Gullah Geechee Heritage Festival: December 3, 2022
Gullah Geechee? Even for fans of American history, these aren’t familiar words.
Gullah Geechee? Even for fans of American history, these aren’t familiar words. But as those attending the Ninth Annual Gullah Geechee Heritage Festival will quickly learn, the culture and history of the people known by this name are an inspiring part of America’s story.
The Gullah Geechee were brought to America from West and Central Africa to work on rice, cotton, and indigo plantations in the isolated Sea Islands of coastal Georgia and the Carolinas. Without the influences found on the mainland, they were able to preserve their culture through spiritual practices, crafts, and foodways we see today. They even created a new creole dialect known as “Gullah,” a language that isn’t spoken anywhere else in the world.
Despite their remote location, the Gullah Geechee heard whispered news that the King of Spain had promised freedom to enslaved people who escaped from the British colonies to La Florida. With freedom as their goal, many slipped away on the journey south to Spanish St. Augustine – a trip that was filled with perils including alligators, snakes, storms, hunger and brutal slave hunters.
In 2006, Congress designated the Gullah Geechee Heritage Corridor, spanning eight million acres from Wilmington, North Carolina to St. Augustine, Florida, to honor the culture and history of these brave people.
Attendees at this year’s Gullah Geechee Heritage Festival will experience the Ring Shout, one of North America’s oldest surviving African-American musical traditions. Performed by the renowned Geechee Gullah Ring Shouters, it features counter-clockwise dancing, singing and drumming on a wooden floor. It’s easy to see and hear how the Ring Shout continues to influence today’s gospel, jazz and hip-hop music.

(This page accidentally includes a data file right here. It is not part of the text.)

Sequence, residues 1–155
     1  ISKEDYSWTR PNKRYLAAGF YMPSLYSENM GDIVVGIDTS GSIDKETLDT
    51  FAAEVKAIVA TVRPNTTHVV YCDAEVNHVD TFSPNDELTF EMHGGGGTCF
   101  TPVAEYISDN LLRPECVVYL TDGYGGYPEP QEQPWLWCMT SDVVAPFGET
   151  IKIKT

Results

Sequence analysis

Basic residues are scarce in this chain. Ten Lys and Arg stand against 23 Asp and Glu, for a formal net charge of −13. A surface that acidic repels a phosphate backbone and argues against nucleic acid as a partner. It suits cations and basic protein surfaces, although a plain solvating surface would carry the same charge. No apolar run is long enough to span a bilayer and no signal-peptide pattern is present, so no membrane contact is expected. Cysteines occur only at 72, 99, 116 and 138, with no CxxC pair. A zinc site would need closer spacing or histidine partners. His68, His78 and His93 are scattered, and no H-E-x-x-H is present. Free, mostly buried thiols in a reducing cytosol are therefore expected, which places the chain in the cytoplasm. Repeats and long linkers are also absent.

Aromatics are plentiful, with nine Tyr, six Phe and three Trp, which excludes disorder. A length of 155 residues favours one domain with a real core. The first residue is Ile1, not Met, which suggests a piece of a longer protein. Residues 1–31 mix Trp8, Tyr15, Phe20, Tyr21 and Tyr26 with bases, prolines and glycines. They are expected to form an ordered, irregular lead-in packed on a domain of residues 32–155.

Coiled basket weaving is an art brought to America’s South by enslaved Africans in the 1600s and utilized palmetto leaves and sweetgrass to craft tools for work and daily life. Andrea Cayetano-Jefferson of Gullah Sweetgrass Baskets will demonstrate this technique and display her unique baskets for purchase.
And of course, Gullah Geechee heritage can’t be celebrated without food! Chef, farmer and author Matthew Raiford will be on hand to demonstrate how the Gullah Geechee survived life on the barrier islands by creating recipes from readily available items like rice, shrimp, and field peas.
The Gullah Geechee Heritage Festival takes place from noon to 5 p.m. at Armstrong Park, 4950 Harvey Avenue in Elkton, Florida. Admission is free. Proceeds from food and drink sales will benefit the SEA Community and Resource Center which provides food, clothing and more to help fight hunger and homelessness for more than 5,000 residents.